The global coronavirus pandemic is stoking geopolitical tensions and creating enormous upheaval in the sphere of international relations. Which are the trends that we should be looking out for and what are the likely implications for geopolitics over the coming period?
Tensions between the United States and China are evident in the mutually heated attacks over the origins and spread of the virus, even as they struggle to secure a deal that could unwind tit-for-tat trade tariffs. Within Europe, arguments between nations over PPE and problems with financing surging government debts have exacerbated political tensions within the EU and hint at the emergence of new alliances. Then throw into the mix slumping demand for oil and minerals -impacting differentially across the US, Russia, Middle East and Africa – migration challenges posed in populous parts of Asia and Africa and the upcoming American elections. Many worry the outcome is a new and unpredictable world order in which nations pull apart in the face of global challenges.
What lessons should we draw from the pandemic response? Is China turning from a ‘status quo’ power to one that will become more disruptive and active in pursuit of global influence? To what extent will the international order and its institutions continue to fray? Are we seeing the return of the nation state, or will realpolitik in the face of the pandemic likely encourage renewal of cooperation and new institutions? What is the likely impact of the inevitable economic restructuring? In short, where next for geopolitics – and is the future one of international disorder?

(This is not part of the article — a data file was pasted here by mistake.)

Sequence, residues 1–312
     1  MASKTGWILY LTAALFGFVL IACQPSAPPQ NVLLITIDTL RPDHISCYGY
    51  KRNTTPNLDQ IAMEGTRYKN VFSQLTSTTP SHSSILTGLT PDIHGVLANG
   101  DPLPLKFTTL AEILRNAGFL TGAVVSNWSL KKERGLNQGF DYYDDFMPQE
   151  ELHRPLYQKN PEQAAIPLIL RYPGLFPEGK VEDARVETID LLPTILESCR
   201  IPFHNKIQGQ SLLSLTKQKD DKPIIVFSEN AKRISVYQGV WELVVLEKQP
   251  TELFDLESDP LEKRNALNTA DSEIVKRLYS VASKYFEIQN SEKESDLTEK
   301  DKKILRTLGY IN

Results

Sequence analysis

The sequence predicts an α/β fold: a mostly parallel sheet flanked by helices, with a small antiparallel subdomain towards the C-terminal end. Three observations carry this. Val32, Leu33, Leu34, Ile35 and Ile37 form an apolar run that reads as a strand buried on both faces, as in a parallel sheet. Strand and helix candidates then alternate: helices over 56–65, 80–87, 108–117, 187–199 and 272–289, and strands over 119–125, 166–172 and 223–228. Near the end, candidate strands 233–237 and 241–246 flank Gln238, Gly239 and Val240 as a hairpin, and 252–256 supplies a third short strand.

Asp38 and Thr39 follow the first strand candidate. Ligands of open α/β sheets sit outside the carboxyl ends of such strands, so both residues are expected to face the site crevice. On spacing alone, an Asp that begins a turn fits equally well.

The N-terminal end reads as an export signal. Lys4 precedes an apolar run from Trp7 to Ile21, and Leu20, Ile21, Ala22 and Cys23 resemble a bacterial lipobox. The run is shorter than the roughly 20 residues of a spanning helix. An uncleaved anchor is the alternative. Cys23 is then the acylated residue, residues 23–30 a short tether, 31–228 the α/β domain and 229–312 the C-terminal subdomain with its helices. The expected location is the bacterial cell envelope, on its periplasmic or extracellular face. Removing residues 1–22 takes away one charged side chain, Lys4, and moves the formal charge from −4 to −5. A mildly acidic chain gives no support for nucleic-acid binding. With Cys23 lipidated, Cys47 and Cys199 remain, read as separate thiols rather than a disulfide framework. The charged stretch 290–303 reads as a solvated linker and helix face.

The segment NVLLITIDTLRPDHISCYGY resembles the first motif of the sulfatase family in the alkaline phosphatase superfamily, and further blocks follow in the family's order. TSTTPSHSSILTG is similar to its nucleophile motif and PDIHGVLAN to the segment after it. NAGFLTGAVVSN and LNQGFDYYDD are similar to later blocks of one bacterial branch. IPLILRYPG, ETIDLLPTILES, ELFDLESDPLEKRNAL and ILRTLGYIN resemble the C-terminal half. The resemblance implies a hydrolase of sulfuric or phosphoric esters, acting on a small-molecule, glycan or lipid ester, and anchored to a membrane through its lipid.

In association with the AoI Economy Forum.
Dr Philip Cunliffe
senior lecturer in politics and international relations, University of Kent; author, Cosmopolitan Dystopia: international intervention and the failure of the West; co-founder, The Full Brexit
former foreign correspondent in Moscow, Paris and Washington; special correspondent in China; writer and broadcaster
Lord Maurice Glasman
Labour life peer; director, the Common Good Foundation; author, Unnecessary Suffering: Managing Market Utopia
director, Europe, The Economist Intelligence Unit; editor, The EIU Democracy Index
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